I’m becoming a bit of a recycling center junkie — my husband and I go for a “hot date” every week and come home with a bootload of “treasure.” These barrells are storage barrells used by a health food company to import bulk spirulina etc. and cost a whopping NZ$1 each. The paper I used also came from the center — about $2 for a huge carton of old maps, sheet music and atlases — decoupage heaven!
You will need:
- A storage barrell or an old piece of furniture (wooden works better than plastic)
- Paper such as maps, sheet music, wrapping paper, tour guides — whatever takes your fancy
- PVA glue or spray glue
- Dry rub-on temporary tattoos or decals (optional)
- Polyurethane varnish
First I removed excess labels and loose tape off the barrel and gave the barrel a wipe down with a dry cloth. This is a good project to do outside because the glue and polyurethane need to be used in a well-ventilated area.
Spray a sheet of paper with glue and stick it on. Stick the middle of the sheet on first and smooth it out to the edges. I lined the sheets up with the top of the barrel so they sat neatly along the edge but you could let them all overhang and trim with a craft knife later. You can also use PVA glue by brushing it onto the paper and leaving it to rest 30 seconds before sticking. After doing a half-dozen of these barrells the PVA is now my glue of choice as it’s easier to reposition.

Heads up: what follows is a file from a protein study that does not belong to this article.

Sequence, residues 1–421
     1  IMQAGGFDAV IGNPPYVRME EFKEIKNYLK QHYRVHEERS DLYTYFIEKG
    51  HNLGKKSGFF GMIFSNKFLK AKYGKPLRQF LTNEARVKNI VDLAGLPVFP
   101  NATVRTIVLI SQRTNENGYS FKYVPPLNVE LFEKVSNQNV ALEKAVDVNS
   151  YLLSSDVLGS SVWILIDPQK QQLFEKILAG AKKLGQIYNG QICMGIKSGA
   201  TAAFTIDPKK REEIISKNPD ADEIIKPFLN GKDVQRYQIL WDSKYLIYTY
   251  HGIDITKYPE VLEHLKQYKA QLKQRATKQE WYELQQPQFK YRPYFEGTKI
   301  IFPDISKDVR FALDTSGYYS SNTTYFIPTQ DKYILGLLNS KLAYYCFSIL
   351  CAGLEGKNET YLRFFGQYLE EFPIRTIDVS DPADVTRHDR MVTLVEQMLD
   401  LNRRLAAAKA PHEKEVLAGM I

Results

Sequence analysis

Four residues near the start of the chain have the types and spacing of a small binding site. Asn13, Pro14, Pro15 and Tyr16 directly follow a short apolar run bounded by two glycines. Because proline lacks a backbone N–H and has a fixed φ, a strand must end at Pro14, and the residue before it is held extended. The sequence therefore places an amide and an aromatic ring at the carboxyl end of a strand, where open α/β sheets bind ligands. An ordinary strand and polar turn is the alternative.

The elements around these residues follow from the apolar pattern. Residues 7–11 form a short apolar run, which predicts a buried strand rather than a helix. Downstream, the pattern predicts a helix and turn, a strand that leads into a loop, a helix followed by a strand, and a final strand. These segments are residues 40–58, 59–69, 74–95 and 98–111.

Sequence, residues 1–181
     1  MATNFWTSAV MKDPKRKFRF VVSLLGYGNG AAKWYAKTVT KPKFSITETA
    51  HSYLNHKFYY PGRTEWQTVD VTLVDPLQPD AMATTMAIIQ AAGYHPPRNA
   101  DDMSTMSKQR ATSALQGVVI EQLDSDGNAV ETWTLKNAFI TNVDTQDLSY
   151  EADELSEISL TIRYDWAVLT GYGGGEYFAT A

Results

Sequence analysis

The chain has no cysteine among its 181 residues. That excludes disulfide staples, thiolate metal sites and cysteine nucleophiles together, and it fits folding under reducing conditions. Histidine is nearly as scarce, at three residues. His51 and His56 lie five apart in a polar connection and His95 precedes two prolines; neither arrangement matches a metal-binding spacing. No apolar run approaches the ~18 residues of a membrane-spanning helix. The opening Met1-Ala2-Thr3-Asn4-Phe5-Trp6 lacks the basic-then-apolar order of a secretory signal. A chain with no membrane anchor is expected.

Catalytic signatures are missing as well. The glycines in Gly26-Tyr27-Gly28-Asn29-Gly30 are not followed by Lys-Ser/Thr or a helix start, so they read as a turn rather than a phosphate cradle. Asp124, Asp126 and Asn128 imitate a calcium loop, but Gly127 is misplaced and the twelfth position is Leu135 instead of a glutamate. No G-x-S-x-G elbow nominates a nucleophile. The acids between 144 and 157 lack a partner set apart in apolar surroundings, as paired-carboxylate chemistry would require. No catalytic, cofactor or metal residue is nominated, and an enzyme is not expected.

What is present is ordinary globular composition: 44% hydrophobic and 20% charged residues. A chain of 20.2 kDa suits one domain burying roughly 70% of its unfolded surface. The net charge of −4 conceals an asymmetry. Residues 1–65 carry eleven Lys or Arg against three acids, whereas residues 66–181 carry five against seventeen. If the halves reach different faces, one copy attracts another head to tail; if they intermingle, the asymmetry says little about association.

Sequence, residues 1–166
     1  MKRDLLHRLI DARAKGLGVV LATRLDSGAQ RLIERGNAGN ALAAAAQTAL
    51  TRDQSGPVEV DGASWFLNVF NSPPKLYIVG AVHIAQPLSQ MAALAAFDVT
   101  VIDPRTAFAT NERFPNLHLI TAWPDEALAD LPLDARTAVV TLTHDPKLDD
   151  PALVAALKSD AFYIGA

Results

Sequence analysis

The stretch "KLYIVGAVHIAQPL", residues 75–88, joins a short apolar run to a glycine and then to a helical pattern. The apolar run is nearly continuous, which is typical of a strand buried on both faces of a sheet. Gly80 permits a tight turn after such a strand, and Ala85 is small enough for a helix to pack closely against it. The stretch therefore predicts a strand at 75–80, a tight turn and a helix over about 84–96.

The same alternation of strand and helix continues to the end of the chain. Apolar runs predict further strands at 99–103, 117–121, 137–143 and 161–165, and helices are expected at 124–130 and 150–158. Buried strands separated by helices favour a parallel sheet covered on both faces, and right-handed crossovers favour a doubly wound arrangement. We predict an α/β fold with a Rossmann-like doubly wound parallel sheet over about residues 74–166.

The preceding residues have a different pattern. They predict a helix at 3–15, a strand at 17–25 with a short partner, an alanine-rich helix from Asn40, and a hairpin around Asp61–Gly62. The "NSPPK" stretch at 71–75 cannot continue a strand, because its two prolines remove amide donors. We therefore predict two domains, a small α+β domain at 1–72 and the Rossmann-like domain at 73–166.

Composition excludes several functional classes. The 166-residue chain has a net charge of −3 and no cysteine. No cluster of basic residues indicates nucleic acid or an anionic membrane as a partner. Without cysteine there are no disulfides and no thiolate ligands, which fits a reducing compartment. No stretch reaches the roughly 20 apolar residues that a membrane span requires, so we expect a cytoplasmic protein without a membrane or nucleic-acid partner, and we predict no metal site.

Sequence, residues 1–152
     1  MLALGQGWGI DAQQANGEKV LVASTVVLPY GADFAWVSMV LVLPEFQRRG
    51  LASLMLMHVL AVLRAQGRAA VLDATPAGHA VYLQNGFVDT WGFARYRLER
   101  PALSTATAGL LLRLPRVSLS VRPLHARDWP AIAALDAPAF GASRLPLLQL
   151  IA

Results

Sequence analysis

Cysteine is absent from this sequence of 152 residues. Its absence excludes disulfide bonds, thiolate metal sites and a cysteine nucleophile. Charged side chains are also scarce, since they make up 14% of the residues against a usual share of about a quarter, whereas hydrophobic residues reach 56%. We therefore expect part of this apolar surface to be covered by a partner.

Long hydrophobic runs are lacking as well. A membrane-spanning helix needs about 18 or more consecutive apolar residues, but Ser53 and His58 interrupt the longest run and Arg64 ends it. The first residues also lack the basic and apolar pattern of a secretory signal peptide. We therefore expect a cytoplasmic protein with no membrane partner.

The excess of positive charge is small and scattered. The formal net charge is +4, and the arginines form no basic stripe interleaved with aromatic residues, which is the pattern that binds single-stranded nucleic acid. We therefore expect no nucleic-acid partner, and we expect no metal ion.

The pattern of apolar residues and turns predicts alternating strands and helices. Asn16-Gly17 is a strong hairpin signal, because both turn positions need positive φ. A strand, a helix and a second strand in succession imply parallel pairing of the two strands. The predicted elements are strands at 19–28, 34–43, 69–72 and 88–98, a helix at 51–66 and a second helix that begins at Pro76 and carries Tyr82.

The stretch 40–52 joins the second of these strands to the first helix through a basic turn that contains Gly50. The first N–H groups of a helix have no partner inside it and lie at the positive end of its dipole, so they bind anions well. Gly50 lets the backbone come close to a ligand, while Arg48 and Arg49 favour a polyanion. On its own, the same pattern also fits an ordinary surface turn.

Keep layering on the sheets until the barrel is covered.
Use the dry rub-on tattoos to decorate the barrel. Peel off the backing and press down with your nail to stick. You could also add stickers or paint on details. Just remember if you use anything too thick you may get bubbles around the joins when you polyeurthane the surface.
Brush over a thin layer of polyurethane. Work slowly so you don’t make bubbles and smooth the layer out thinly so it doesn’t run. Leave to dry overnight (and hide from your pets or it will go furry!!)
Add two-three more coats of polyurethane until you are happy with the final look. Remember to leave the barrel to dry overnight between coats (check the tin but most need 10-12 hours drying time). Add one-two extra coats onto the lid as this surface will have the most wear.
Tip! If you get paint drips or bubbles, sand the dry surface with a fine grade sandpaper before you paint on the next coat of polyurethane.
Once the barrell is dry, reassemble and admire your handy work!